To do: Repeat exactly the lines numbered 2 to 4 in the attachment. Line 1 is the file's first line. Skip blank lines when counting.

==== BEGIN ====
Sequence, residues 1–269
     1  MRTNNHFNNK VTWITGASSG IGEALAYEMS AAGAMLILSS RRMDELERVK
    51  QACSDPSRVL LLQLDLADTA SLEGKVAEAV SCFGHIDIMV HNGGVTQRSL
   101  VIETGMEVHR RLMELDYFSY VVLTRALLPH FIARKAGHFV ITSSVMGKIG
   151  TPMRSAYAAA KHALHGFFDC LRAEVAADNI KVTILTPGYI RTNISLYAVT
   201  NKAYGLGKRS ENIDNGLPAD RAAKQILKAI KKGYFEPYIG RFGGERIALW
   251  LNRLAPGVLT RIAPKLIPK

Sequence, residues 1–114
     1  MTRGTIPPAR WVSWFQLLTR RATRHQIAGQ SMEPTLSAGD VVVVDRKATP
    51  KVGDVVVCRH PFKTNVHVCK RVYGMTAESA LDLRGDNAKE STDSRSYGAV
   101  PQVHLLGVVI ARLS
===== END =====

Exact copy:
     1  MRTNNHFNNK VTWITGASSG IGEALAYEMS AAGAMLILSS RRMDELERVK
    51  QACSDPSRVL LLQLDLADTA SLEGKVAEAV SCFGHIDIMV HNGGVTQRSL
   101  VIETGMEVHR RLMELDYFSY VVLTRALLPH FIARKAGHFV ITSSVMGKIG